from Pocono Record
Robert Bender faced them.
A sea of fifth-grade faces stared at him in anticipation. Seated on the gleaming gym floor and armed with writing boards and crayons, the kids waited to hear about the books they've been reading. The bulletin boards outside the gym were covered with the students' artwork based on Bender's books.
Bender, 35, was unintimidated. He was there to tell his young readers what they wanted to know.
An author and illustrator of children's books, Bender recently visited the DeFranco Elementary School in Bangor. He presented five session for the 810 students in grades four through six.
"My job here today is to inspire you," Bender said. Bender, dressed in black pants, a white shirt and a burgundy vest with black musical notes dotting the fabric, told the youngsters how he got started.
"I never had an artist or writer come to my school. I didn't know it was an option," Bender said. When planning for college, he took his mother's advice to take the college catalogs and cross out all the majors he didn't want to pursue. That usually left "Art" uncrossed.
Bender, who was born in the Bronx and then moved to Cherry Hill, NJ, left his parents' home to attend Syracuse University. The illustration student graduated with honors in 1984.
He moved to New York City and worked as an illustrator of magazines and newspapers for six years. He also kept experimenting with new techniques to keep his work fresh.
His then girlfriend, Christina, who later became his wife, suggested that he illustrate a children's story that she wrote. "I never got that story published, but I realized how much fun it was," Bender said.
After meeting wtih different editors and working on a few potential projects, Bender landed his first book A Little Witch Magic in 1992. Bender has had eight books published. His next book, Chizzywink and the Alamagoozlum, will be published next spring by Holiday House.
To help the kids understand the process of illustration, Bender showed slides of the book The Most Unusual Lunch. Krista DeEsch, 10, of Bangor and Bobby Bush, 10, of Bangor were then chosen to draw along with him on makeshift easels of six-foot tables turned on end. The kids in the audience drew along too.
Bender also showed slides of his life in drawings from a sketch of him drawing pictures in his mother's womb, to living in Hell's Kitchen in New York, to his cats and dogs at his home in Stillwater.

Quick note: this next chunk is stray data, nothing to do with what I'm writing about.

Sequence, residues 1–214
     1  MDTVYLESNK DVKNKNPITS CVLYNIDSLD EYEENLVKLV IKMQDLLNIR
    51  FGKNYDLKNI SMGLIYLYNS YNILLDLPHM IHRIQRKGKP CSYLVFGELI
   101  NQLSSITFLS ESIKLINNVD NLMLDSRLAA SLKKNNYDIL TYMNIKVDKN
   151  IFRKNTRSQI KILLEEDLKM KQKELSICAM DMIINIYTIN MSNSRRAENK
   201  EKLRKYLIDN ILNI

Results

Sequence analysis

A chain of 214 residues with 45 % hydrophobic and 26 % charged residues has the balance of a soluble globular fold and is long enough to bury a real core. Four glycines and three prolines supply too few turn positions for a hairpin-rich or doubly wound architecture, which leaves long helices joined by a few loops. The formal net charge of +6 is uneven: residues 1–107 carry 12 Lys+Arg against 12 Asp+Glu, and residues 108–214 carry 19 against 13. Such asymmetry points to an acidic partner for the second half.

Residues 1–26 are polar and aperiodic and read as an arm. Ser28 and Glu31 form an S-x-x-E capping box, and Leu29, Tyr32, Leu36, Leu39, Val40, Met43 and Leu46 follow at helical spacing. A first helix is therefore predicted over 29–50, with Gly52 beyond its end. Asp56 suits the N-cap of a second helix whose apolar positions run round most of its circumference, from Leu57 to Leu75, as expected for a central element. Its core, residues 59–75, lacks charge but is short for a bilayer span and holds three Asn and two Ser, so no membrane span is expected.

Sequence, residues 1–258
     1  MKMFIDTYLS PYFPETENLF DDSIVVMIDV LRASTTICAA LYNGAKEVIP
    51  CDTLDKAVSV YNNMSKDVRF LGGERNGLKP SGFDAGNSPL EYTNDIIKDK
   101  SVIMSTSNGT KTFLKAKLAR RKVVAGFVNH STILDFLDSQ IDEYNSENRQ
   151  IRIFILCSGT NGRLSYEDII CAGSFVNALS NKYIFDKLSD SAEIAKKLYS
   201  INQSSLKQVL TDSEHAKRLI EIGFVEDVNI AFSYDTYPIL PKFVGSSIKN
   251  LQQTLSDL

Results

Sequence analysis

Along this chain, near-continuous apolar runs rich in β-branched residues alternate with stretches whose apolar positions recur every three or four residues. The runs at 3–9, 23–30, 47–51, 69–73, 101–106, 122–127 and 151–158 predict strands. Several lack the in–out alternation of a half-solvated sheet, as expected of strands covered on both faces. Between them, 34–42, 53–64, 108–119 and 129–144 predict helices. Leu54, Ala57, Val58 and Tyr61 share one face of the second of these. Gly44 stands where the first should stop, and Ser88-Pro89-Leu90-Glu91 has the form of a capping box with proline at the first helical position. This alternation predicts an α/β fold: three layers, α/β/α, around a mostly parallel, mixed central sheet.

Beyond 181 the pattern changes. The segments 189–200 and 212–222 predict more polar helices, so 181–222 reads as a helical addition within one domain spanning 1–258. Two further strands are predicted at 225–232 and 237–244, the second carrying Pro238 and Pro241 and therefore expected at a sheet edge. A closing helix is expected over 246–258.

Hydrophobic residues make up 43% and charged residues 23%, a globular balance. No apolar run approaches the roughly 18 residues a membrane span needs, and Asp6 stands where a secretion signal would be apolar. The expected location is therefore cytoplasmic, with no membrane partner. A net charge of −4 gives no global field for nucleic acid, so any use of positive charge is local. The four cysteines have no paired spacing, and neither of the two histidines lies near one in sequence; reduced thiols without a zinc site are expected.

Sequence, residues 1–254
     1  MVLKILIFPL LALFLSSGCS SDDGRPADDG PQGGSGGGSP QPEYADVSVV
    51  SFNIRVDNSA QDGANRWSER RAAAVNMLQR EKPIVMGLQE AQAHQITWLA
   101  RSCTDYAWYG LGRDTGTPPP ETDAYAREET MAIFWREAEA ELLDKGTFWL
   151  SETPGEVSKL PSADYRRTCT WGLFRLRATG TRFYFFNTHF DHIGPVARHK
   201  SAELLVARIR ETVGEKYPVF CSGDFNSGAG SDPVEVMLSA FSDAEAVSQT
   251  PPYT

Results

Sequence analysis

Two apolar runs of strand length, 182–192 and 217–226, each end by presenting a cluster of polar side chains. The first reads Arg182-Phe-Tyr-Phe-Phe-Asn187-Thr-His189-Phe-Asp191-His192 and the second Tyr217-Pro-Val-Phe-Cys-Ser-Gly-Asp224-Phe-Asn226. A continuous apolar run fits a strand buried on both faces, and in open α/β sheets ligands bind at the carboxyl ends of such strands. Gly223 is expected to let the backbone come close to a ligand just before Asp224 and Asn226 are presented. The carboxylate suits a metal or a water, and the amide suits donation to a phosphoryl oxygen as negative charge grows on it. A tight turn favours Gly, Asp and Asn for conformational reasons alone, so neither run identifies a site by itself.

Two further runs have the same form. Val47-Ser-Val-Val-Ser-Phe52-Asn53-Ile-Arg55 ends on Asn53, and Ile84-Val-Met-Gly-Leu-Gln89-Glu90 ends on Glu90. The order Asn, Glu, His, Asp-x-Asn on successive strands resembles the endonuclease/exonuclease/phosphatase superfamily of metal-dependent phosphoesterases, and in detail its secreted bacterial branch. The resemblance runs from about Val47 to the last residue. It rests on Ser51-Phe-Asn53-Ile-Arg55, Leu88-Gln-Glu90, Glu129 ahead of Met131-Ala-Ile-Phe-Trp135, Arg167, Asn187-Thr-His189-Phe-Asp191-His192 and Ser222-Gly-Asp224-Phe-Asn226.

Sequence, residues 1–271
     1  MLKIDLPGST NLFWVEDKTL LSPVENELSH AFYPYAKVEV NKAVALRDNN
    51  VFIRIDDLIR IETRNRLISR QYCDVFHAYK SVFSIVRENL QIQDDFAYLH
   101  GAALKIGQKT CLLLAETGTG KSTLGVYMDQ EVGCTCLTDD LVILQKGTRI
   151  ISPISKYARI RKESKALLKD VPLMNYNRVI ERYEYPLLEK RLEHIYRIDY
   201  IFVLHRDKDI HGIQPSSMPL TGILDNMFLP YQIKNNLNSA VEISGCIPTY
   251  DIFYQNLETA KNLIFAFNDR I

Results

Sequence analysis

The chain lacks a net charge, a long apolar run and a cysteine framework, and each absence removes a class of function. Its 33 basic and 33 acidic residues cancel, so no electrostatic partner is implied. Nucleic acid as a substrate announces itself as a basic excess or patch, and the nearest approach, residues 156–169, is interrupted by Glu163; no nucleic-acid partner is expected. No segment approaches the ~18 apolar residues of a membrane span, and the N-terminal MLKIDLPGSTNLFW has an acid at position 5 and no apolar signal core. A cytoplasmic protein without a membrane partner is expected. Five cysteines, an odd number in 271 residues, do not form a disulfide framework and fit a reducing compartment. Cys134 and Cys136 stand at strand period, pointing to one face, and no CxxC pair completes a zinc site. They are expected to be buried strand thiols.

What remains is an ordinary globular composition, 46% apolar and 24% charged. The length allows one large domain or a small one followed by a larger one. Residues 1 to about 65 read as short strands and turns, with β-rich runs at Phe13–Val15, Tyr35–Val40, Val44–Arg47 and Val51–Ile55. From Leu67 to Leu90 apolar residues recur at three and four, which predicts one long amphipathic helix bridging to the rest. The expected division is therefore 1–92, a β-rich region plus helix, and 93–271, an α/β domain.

One of the slides included a drawing that Bender did as a seventh-grader of a man mowing the lawn. "The only difference between me and you is I continued to draw. I have 25 years experience on you," Bender said.
The kids were then treated to seeing a painting in progress from The Beastly Jamboree. Each session of students had helped Bender paint this scene, which would be left for the school.
Jacquelyn Setzer, 10, and Brian Chiusano, 10, both of Bangor; and Tela Bender,10, of Johnsonville learned the stipple technique of painting as the other students watched. Bender paints on clear acetate, which is coupled with black paper to make the colors vivid and appear to jump off the page.
Bender also showed the youngsters how an illustration progresses from an idea in a dummy book, to a storyboard, to an art work, to a press sheet and the folding and gathering stage of assembling the book.
After the presentation, Bender talked about life as an artist.
Bender said that he could never envision himself as a 9-to-5 kind of guy. "I would need some form of expression such as art, writing or music," Bender said. "I follow my heart to do what I love to do. Most parents pressure their kids to find jobs with lots of money."
Having no money is often a way of life for a struggling artist. Bender was a waiter and would do work for advertising agencies.
After his first book was published, Bender started speaking to school groups. "I was really scared. That was not in my normal bounds of what is comfortable," he said. "Once I got over the fear, I found it was exhilarating."
He equated the speaking with performing "where I'm feeling like a stand-up comedian in an educational way."
The talks are not just for fun. "I want to show kids and demystify the process and show how much fun it is," Bender said. "Everyone can draw just as they can write, but at different levels."